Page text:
PreMED\Problem-based Learning

Author:  Hamed Shahnam


Problem-based Learning (PBL) is a  key learning modality/style of many medical schools across Australia and globally. Prior to entering medical school I had very vague ideas about PBLs and its utility in the medical school teaching curricula. Having now worked my way through year 2 of medical school, I think I’ve developed a deeper understanding of the advantages and disadvantages of PBLs. However before we discuss the advantages and disadvantages of PBLs let’s briefly talk about what is involved with this learning modality.


PBLs place a huge emphasis on group learning and thus each group is typically comprised of members with diverse backgrounds (particularly if you are fortunate to enrol into postgraduate medicine). Each session is run by tutors who may or may not be doctors. The tutors occupation is not really relevant as their role is to facilitate discussion and ensure the group remains on task. They often help guide the flow of conversation. At the Australian National University, where I’m studying PBL sessions occur twice weekly. The first session usually starts with a trigger. The trigger is much like patient’s presenting complaint. It could also contain additional information about the patient’s past medical history (but frequently this information is absent).


Once the group has orient themselves around the trigger the fun begins! The first part is to develop questions about interesting points/issues about the case or possible research questions that might further your understanding of the topic. You need develop a problem-statement, which is one or two sentences presenting the key essence of the trigger (imagine sharing rapid information to your senior registrar or consultant during a night-shift). Following the problem-statement you’ll then work as a group to systematically assess potential causes and organ systems that may be involved/associated with the presentation. The ultimate aim of this exercise is to develop your differential diagnosis for the case. We then carry out a full history, where the tutor pretends to be the patient. This helps form a deeper understanding of the patient’s history and helps in cementing your differential diagnosis. In the first session you are also provided with a series of questions (including the ones you’ve developed) to investigate and present to your fellow colleagues in the second session. These questions are essentially your learning objective and often correspond with topics discussed in lectures during the week.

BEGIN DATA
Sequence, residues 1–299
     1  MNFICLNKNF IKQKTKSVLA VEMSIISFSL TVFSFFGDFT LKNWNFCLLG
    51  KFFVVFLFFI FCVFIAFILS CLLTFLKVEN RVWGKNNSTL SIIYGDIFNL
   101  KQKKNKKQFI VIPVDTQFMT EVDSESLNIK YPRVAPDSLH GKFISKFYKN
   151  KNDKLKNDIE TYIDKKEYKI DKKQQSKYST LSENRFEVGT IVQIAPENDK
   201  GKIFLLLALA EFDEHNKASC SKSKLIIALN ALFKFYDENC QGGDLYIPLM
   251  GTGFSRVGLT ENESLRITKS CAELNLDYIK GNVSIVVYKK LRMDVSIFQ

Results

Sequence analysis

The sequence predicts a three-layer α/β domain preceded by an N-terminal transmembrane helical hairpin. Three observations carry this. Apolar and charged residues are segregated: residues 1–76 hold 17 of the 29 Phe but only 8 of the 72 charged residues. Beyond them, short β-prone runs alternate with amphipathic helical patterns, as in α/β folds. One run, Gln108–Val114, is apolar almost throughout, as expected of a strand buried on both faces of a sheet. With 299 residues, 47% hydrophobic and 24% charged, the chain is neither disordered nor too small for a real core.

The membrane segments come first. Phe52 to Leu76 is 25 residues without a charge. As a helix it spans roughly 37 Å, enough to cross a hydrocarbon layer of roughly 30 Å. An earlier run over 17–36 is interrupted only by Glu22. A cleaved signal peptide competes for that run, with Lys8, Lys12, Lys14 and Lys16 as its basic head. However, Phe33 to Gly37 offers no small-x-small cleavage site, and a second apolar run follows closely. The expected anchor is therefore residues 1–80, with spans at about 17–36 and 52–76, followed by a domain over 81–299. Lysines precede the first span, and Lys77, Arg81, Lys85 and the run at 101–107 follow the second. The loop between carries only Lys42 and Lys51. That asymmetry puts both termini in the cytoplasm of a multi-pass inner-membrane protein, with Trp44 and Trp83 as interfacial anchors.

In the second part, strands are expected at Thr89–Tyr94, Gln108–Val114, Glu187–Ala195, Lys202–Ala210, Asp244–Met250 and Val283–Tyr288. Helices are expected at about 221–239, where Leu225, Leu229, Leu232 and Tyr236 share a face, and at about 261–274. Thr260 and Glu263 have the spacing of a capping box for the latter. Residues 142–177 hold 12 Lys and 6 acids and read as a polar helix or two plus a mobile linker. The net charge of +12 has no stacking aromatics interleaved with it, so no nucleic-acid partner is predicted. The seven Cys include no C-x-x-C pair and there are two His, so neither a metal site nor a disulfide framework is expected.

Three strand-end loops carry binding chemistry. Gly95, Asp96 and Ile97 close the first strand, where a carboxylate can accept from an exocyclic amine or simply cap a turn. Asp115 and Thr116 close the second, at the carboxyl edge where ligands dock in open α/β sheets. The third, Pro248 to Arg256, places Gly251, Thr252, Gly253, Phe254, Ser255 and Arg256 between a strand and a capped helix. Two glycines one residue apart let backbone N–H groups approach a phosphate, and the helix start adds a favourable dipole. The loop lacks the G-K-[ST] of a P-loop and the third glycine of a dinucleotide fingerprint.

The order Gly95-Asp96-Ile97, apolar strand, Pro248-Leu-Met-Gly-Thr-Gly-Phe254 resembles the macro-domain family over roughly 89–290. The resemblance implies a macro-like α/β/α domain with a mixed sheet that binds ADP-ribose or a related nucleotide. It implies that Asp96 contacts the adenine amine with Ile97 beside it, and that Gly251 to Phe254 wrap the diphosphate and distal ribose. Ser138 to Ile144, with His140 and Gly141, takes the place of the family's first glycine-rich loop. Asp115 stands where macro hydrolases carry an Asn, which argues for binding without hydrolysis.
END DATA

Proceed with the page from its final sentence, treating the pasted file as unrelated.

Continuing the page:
The second session revolves around each group member presenting their topic and discussing specific issues regarding the case. In this session we will also look at results for any physical exams, investigations (ECG, blood tests, radioimaging etc..). The result of the investigations then help confirm your diagnosis. To finish off the PBL case you then develop a management plan including any follow-up appointments. The tutor can then discuss the the overall outcomes to ensure no loose ends remain. So as you can see PBL somewhat reflect an approach to treating patients in real world. They also incorporate learning material within the course and thus are important when preparing for exams. However what are some advantages and disadvantages of PBL modality?






  • Working in a group can be fun
  • Shared learning and contributing to each others understanding of topic
  • Discussing complex ideas as a group
  • Fosters team mentality, which is fundamental for the practice of medicine
  • Efficient way of learning when the groups are working and the quality of the posts are good
  • Having PBL food is good, especially if someone is a great cook





  • The quality of the discussion or presentations really depends on your PBL group
  • Variations in tutor expertise, knowledge or personality lead to PBLs of varying quality between different groups
  • Discussions may sometimes get off track
  • Group member personalities may clash (but great opportunity for conflict resolution)